At the beginning of the new year, thoughts return to time. We think of what has passed over the last year and look to the year ahead.
But what is more intriguing than time is timing. Why does a crisis erupt when it does and not sooner or later? Why do the successive stages of a speculative attack on the euro take place when they do?
They say many things about fighting a war. One of them is that it is hard to wait and not know when the next battle will be or from what direction it will come. Some insight can be gained by considering the following factors.
First, an awful lot of money is required to wage a successful speculative attack on a large country in the euro zone. Since financial speculators are dispersed, they require a means of deciding whether and when to place their resources on a particular country, a direction, and an outcome. Just as in the horse races, the better your prediction, the better the payoff. Unlike the horse races, the target a speculator is trying to hit is determined not only by the target country but by the market as a whole. This is not an entirely anonymous and invisible market, but one that is dominated by a variety of financial institutions looking for opportunities for profit, and hoping that other market participants will prove them right.
That means that there must be a tipping point at which some trigger leads the first of the speculators to stick their necks out and the rest of them to follow until the rush becomes unstoppable. The question is, what is that tipping point? One thing that has emerged from the history of the financial crisis to date is that quarterly company reports are windows of time during which financial markets pay close attention to the way the wind is blowing. This makes sense from their perspective. When businesses slump, so do government finances, either because public finances will remain generally weak, or because catastrophic failures, which means the failure of a key company with knock-on effects for the rest of the economy may tempt the government to respond with costly, debt-fuelled state intervention that the market will eventually flee from.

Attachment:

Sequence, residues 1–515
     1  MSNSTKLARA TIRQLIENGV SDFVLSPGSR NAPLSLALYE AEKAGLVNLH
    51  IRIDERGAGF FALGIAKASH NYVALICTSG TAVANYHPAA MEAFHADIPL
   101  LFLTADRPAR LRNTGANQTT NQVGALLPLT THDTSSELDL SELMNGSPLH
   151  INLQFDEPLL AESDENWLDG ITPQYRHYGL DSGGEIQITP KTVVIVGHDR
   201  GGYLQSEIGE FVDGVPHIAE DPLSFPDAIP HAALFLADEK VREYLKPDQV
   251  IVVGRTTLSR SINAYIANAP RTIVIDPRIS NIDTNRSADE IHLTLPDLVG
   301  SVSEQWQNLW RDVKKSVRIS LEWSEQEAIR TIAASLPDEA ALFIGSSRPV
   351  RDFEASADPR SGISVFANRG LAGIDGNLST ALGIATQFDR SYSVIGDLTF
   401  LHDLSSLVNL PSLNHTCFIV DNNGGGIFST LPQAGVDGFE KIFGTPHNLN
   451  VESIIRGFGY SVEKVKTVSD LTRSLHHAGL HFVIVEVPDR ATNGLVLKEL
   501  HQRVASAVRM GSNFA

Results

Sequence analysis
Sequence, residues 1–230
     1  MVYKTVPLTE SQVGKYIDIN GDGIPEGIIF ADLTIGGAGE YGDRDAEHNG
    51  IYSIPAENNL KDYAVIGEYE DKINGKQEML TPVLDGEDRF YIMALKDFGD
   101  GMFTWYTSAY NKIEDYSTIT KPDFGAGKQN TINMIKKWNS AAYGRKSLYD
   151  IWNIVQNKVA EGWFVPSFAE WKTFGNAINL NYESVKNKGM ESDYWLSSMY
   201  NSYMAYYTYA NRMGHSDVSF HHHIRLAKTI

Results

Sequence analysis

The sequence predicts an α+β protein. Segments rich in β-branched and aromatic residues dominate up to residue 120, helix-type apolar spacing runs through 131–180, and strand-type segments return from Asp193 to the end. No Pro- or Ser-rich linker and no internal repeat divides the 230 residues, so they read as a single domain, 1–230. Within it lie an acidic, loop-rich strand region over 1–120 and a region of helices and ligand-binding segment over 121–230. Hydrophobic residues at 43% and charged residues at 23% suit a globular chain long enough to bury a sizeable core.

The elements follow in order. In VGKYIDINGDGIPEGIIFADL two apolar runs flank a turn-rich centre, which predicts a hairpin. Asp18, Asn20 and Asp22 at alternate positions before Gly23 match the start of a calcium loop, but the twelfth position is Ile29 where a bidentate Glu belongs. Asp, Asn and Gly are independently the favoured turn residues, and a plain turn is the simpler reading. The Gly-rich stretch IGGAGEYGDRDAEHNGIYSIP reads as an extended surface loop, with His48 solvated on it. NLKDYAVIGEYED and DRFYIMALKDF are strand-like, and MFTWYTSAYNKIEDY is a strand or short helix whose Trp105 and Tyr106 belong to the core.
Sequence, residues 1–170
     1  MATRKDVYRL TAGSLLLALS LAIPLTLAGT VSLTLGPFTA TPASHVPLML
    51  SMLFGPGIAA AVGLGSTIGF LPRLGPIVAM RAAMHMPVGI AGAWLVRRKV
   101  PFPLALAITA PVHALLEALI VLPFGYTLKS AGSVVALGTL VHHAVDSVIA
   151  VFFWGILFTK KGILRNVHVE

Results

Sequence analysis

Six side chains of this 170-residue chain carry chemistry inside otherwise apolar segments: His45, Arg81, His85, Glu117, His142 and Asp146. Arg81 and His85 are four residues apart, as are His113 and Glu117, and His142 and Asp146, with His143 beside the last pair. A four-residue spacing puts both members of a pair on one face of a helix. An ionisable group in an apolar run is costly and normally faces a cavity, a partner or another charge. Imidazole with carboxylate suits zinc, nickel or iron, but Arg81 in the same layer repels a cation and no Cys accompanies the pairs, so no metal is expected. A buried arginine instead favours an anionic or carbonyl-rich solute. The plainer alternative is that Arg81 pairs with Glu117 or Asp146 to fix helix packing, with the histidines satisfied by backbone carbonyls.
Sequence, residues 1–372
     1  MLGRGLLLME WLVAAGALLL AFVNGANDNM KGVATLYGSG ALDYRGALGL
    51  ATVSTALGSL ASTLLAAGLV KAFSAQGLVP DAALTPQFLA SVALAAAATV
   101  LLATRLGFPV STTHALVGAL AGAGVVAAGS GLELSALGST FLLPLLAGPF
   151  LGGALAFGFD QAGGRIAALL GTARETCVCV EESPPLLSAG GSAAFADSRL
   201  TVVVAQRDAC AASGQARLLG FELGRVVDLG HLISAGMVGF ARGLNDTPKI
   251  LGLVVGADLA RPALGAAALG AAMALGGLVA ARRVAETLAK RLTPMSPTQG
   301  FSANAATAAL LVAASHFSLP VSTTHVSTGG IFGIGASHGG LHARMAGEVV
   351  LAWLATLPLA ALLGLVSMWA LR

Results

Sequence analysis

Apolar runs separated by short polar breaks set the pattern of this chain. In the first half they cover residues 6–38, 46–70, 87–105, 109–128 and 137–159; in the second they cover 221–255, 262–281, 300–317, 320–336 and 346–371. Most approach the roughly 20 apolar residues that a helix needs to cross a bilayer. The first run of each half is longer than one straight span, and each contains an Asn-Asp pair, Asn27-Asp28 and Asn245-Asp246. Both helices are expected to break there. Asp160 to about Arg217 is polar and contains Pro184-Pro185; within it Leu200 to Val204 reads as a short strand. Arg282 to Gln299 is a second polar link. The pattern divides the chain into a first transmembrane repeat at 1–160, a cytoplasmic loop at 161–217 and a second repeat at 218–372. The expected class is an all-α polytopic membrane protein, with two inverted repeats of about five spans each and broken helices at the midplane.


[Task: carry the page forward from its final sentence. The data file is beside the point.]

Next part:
The ebb and flow of reporting season, four times per year, is therefore central to whether investors are presented with a focal point that can lead to crisis. The full-blown financial crisis was triggered by quarterly reports on financial institutions. Attention has spread to the wider economy as well, in search of signs from strategic economic sectors.
What we need to watch and understand better is when and under what conditions the markets actually turn, when and how they can be held at bay, and what that deterrence is likely to cost (and what form it can take) if it is to be effective. Deterrence is a notoriously difficult thing to observe. If it works correctly, there is no battle.
However, it is possible to detect how public authorities marshall resources and how they position them. The EU heads of government are currently debating treaty changes that will allow the long-term establishment of the EFSF, and possibly bonds that use the EFSF as collateral to leverage even further funds. This is a risky move that I will return to in another post.
For the moment, it should suffice to say that using the funds available to the EU through the EFSF will not be enough. The EU will have to deploy those funds strategically when the time is right and where they are needed. That requires clear political authority that can be exercised within hours, if not minutes. Currently this authority is lacking in Europe. The Heads of Government must convene to fight whilst the enemy is overrunning them. There are no generals in command.
If Europe wants to defend the euro, that will have to change.